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thank you Chemgeek for the reply and thoughts

I guess i'll explore what flush products are available in the UK a bit more in case i can find the Seakleer brand. if not, I'll have to try one of the others.

I guess my question about removing filters was only because hot tub manuals seem to suggest you should never run the jets with filters out, presumably because stuff can get into the pipe work? If thats what is recommended for flush products (and for the deconatmination step) then i suppose it must be ok :)

I'll have a look for bleech although give it only needs about 20 ml of Chlorine for a 10 pppm shock at the moment, giving a dose of 100 ml to reach 50 pppm isn't much in the way of chlorine anyway. maybe I'll go that route for ease.

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Hi,

I'm also brand new to owning a spa, and haven't found the local dealer super helpful. I bought a used Artesian Spa and would like to decontaminate it following the directions in this thread.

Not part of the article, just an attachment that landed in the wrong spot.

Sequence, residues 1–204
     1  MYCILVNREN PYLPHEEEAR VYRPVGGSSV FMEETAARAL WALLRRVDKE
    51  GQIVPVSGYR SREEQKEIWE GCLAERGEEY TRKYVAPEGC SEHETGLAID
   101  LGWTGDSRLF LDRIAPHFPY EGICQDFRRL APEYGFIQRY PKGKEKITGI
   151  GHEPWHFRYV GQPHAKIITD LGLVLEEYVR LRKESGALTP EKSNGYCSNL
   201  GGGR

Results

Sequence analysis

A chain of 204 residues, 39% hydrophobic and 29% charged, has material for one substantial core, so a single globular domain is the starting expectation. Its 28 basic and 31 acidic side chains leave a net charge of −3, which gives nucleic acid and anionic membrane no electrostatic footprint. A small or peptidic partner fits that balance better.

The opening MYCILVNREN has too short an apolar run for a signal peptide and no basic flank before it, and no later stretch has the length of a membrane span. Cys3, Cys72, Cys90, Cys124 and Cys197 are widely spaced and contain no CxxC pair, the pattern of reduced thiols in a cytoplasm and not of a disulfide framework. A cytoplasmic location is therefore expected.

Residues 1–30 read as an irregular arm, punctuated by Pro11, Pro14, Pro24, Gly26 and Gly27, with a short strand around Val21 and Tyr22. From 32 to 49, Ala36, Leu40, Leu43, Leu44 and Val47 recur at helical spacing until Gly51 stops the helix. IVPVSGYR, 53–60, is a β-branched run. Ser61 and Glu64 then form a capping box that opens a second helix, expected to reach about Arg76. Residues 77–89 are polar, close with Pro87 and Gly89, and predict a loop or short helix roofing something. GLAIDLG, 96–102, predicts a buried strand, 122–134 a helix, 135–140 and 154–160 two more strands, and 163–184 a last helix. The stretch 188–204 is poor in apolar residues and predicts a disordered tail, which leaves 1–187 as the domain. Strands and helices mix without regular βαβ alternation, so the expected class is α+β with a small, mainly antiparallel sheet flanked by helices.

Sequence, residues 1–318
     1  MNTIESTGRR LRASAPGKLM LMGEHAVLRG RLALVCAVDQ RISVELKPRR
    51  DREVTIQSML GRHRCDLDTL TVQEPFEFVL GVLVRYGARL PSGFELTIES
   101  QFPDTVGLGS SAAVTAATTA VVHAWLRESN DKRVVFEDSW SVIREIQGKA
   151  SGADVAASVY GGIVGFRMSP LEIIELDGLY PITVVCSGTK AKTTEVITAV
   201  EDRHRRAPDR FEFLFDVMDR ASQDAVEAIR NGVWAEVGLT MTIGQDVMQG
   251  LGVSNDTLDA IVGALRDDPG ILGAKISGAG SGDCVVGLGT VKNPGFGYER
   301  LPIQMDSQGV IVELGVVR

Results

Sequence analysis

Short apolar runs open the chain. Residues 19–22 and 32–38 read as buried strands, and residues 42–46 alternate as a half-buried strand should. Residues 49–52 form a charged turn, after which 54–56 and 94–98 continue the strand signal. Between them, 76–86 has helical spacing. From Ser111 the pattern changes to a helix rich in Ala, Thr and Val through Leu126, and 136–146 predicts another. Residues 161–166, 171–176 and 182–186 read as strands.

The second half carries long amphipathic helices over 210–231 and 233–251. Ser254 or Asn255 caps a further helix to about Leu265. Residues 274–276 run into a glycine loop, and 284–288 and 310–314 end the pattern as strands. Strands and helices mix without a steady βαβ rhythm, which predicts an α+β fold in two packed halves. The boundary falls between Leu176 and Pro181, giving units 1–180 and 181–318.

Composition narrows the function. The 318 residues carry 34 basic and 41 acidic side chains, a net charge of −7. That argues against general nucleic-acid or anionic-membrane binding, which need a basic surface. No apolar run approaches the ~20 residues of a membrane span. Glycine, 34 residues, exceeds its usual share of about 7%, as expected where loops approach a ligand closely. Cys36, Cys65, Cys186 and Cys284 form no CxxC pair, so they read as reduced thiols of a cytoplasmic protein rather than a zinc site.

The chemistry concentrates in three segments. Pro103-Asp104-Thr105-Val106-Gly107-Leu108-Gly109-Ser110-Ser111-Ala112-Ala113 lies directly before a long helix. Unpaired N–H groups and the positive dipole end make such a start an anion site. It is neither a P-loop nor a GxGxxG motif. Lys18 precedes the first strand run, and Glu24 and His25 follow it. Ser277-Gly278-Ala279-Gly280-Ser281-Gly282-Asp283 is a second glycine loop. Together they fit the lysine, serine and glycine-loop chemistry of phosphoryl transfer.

My question is the Spa's manual has a strongly worded warning saying "Never run the spa without the Filters Installed!" It doesnt explain the reasoning behind this warning. The directions in this thread, and on the Spa Flush bottle I purchased advise removing the filters during the process. So, Is it safe to run the spa without the filters installed? I just want to make sure it wont cause any damage to the internal pumps, etc. by running it without filters for this process. I purchased new filters that I plan on installing once the decontamination process is over anyway, so i dont know if there is any downside to leaving the old ones installed until the decontamination process is complete?